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Thursday, December 15, 2011

U.S. lawmaker challenges deepening BREAKDOWN

Human Rights Day
December 10, 1950
Eleanor Roosevelt (left)
Marian Anderson (right)
U.S. global war on terror continues in violation of law, human rights
Re-reporting, editing by Carolyn Bennett

Brennan Center on
Counter-terrorism law
Three years ago, the 

Brennan Center was looking toward a new and corrective era and they wrote this. The U.S. President “has asserted that he is above our laws and has simply flouted those with which he disagreed. … He has subjected American citizens to warrantless wiretapping in violation of our law and Constitution and has cast aside the Geneva Conventions. This pattern of ignoring the law must end with the next President. For this to occur, we must first understand how it came about.

“On the eve of a new Administration, many voices are calling for an accounting of the abuses that have been documented in the course of the ‘war on terror,’ while others suggest that the election of a new President ushers in a new era in which we do not need to look back.

“A critical issue of our time is how the rule of law and the requirements of our Constitution should inform our response to the ‘terrorist’ threat we face at home and abroad. To answer this question, we must understand what our response has been and the successes and failures of our policies.”
A year earlier, on Human Rights Day, then-UN High Commissioner for Human Rights, Louise Arbour, wrote this. “In today’s growing divisions between the rich and the poor, the powerful and the vulnerable, the technologically advanced and the illiterate, the aggressors and the victims, the relevance of the Declaration of Human Rights and the universality of the enshrined rights need to be loudly reaffirmed.”
Eleanor Roosevelt with
Universal Declaration of
Human Rights

“The Universal Declaration and its core values — inherent human dignity, justice, non-discrimination, equality, fairness and universality — apply to everyone, everywhere, always.”

Despite laws domestic and global and despite their clear articulation, super-powered lawlessness continued and spread far and wide. 

Virus of lawlessness, human rights abuse
U.S. “global war on terror”

In 2009 the New Internationalist Magazine reported, “While many state agencies torture and kill people who stand in their way, these agencies now increasingly use counterterrorism as a justification.

“With the United States, the world’s remaining superpower, rebranding torture (which is absolutely prohibited under international law) as a form of interrogation, and holding suspects without trial for years or hauling them before unfair military commissions, human rights have taken a beating.”

Hotspots conveniently U.S.-allied committing rights violations, the New Internationalist reports attributing 2009 human rights organization data:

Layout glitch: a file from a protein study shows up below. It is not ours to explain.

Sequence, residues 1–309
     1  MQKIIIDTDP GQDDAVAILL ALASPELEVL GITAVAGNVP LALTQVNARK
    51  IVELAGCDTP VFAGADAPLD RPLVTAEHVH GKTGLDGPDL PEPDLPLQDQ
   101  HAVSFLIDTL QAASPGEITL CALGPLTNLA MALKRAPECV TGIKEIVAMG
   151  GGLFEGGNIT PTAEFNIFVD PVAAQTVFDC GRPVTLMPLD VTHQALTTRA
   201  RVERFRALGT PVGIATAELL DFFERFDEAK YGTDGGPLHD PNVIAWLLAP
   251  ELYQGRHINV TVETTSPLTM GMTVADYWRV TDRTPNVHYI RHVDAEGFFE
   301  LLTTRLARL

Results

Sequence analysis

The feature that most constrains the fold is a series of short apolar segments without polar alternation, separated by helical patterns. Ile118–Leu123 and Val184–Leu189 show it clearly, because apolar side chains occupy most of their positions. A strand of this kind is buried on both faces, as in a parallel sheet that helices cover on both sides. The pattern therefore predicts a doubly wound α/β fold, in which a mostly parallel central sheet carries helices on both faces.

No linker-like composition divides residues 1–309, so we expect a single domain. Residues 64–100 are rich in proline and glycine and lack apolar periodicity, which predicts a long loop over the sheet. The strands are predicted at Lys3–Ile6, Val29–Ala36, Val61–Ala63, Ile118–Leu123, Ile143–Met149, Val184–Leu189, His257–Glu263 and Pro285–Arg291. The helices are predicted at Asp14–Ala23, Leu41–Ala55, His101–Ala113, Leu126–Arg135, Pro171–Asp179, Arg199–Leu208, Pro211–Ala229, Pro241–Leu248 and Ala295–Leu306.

Afghanistan: arbitrary arrests, detentions and torture by intelligence agents; NATO and U.S. forces have handed over detainees to them. Confessions made under torture are permissible in court. Prisoners held in U.S.-run Bagram facility have no legal representation whatsoever.

Pakistan: Inter-Services Intelligence agency responsible for numerous ‘disappearances’ with the Government admitting to 1,102 people disappeared in Baluchistan province alone. The problem was exacerbated by bounty offered by the CIA for terror suspects. CIA-sanctioned drones targeted to blow up terrorists have caused many civilian casualties both in Pakistan and

South Asia's
Gulf States
Algeria: torture, prolonged secret detention without trial, prison beatings and unfair trials with courts accepting ‘confessions’ as evidence are the norm for terrorist suspects; Hundreds on death row on terror charges. Security forces given legal immunity against charges of human rights abuses.

Egypt: widespread torture by State Security Investigation officials and police; trials by military courts; 1,500 people detained without charge according to official figures: 10,000 according to other sources. Egypt is the second largest recipient of U.S. aid.

Iraq: in 2008, U.S. forces held 15,500 people (despite the release of 13,000 earlier that year) without charge or trial for security purposes, and the Iraqi authorities held at least 26,000.

Israel: hundreds of Palestinians (including children) detained in the Occupied Palestinian Territories, many held incommunicado for long periods. Most released without charge but trials are held before military courts. Also uses aerial drones, which have killed civilians.

Jordan: thousands held under suspicion of being ‘a danger to society’

Morocco/Western Sahara: over 1,000 Islamist suspects held since 2006; torture is routine; Legacy of enforced disappearances.

Saudi Arabia: barbaric punishments for vague ‘offences’; 2,000 detained in secrecy on security grounds;  United States and Britain praise and promise to learn from a Saudi ‘re-education’ program that keeps suspects detained without charge or trial.